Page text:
Whether you struggle with including extra veggies in your or your kids’ diets, you’ll find this brownie recipe (UK version) checks all the boxes. These brownies offer an easy way to include more veggies for picky eaters as they’re packed with nutrient-dense courgette. The best part is you won’t even taste the courgette!
These easy chocolate brownies are fudgy, moist and ready in less than an hour. Plus, they store well on the counter. So, you can make them ahead of time and have a tasty, sweet treat ready for the whole week.
This chocolate brownie recipe also freezes well, making it easy to create double or triple batches at a time. Then, you can defrost a brownie or two whenever you have a sweet craving. This is perhaps my absolute favourite brownie recipe because of the rich consistency, flavour, and addition of veggies!
Courgettes are the secret ingredient in this easy brownie recipe. They help add moisture and nutrients to the brownies.
Using dark chocolate helps boost the nutrients in this brownies recipe.
You’re adding a delightful richness to these chocolate brownies by including milk chocolate. Milk chocolate chunks and chocolate chips also work well in this recipe.
As there is already salt in the chocolate, you can avoid a high sodium intake by using unsalted butter.
Eggs help bind the ingredients together in this simple brownies recipe.
I prefer using caster sugar in this easy brownie recipe (and other baked goods) as it is more finely ground so that you won’t encounter any grittiness.
All-purpose flour is best for this chocolate brownies recipe, which you likely already have in your pantry! Alternatively, you can use gluten-free flour if you can’t eat regular flour. However, you may need to play with the ratio of flour when using this swap.
Baking powder is essential for this simple brownie recipe, as it helps the brownies rise while baking.
Vanilla extract helps bring out the taste of the other flavours in this version of easy brownies.
Including courgette in this easy chocolate brownie recipe is great for a few reasons. For one, courgette make the brownies moist and fudgy. This way, you can avoid other calorie-dense ingredients, such as buttermilk.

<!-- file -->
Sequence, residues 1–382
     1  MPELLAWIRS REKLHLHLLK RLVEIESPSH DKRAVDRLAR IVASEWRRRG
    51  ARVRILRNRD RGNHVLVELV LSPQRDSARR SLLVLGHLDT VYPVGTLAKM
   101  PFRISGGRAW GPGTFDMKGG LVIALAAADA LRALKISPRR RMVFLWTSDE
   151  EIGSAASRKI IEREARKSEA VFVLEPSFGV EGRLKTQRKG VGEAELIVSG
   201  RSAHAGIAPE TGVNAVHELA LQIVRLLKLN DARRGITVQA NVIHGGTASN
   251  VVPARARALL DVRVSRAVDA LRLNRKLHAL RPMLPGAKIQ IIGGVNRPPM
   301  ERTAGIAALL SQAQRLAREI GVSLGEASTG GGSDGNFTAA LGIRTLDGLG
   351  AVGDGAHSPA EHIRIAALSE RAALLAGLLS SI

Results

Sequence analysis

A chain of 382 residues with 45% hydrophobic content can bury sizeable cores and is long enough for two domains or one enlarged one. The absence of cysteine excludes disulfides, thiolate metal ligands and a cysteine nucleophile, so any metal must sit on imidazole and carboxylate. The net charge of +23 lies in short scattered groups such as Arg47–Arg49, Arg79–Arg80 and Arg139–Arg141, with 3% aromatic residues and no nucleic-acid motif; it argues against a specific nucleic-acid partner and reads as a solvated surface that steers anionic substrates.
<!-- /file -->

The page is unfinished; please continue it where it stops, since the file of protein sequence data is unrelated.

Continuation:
Secondly, it will help you use any leftover courgettes. It also boosts the nutrients in brownies, so you can feel good about indulging in fudgy brownies. Plus, if you have picky eaters in the family who don’t enjoy eating veggies, you can sneak in some extra veg in their diets.
Is courgette the same as zucchini?
In short, yes! Courgette is the name for this vegetable in the UK and France. The word zucchini is used in the US and Australia for the same veg.
Add the butter & chocolate into a microwavable bowl and pop in the microwave for 30 seconds. Stir and continue to microwave for 15 second intervals, stirring each time. Repeat until fully melted.
In a large bowl whisk eggs, vanilla extract, honey and sugar together. Then add the grated courgette.
Pour the melted chocolate/butter into the bowl and stir to combine. Then add the flour and baking powder, mixing until fully incorporated.
Line a 20cm by 30cm baking dish with parchment paper and pour the brownie batter into the tin. Bake for 35 minutes, then leave to cool for 10.
This brownie recipe is already vegetarian-friendly, so you won’t need to make any swaps for this adaptation.
Turning these brownies into a vegan version requires a few ingredient swaps. For one, you’ll want to ensure that your dark and milk chocolate is dairy-free. You’ll also need to use a vegan version of butter. You can swap the above ingredients in a 1:1 ratio.
Remove the egg and substitute with flax egg using 1 tbsp of ground flaxseed to replace each egg and 3 tbsp of water per egg (3 tbsp flaxseed and 9 tbsp water). Mix together with water and refrigerate for 10 minutes to allow it to thicken to egg-like consistency. Use maple syrup.
Can I refrigerate this recipe?
Yes, you can refrigerate this brownie recipe once the brownies have cooled. However, keeping them in the fridge can dry them out. It’s best to keep these sweet treats on the counter in an air-tight container.
Can I freeze this recipe?
If you find you’ve made too many brownies, you can freeze them without drying them out. Portion them out into air-tight containers before placing them in the freezer. This way, you can defrost 1-2 brownies at a time. You’ll find the defrosting process quicker when using this freezing method.
Should I cut the brownies when they’re warm?
It’s always best to cut brownies once they’ve cooled. Otherwise, you’ll tear the brownies, and they won’t cut as easily. Letting these tasty treats cool first may be challenging, but the end result will be worth it!
Can I use another veggie instead of courgette?
Yes! Many veggies work well in brownies if you don’t enjoy courgettes. Instead, try adding pureed beets that are cooked. These will provide additional nutrients and help create a rich brownie consistency.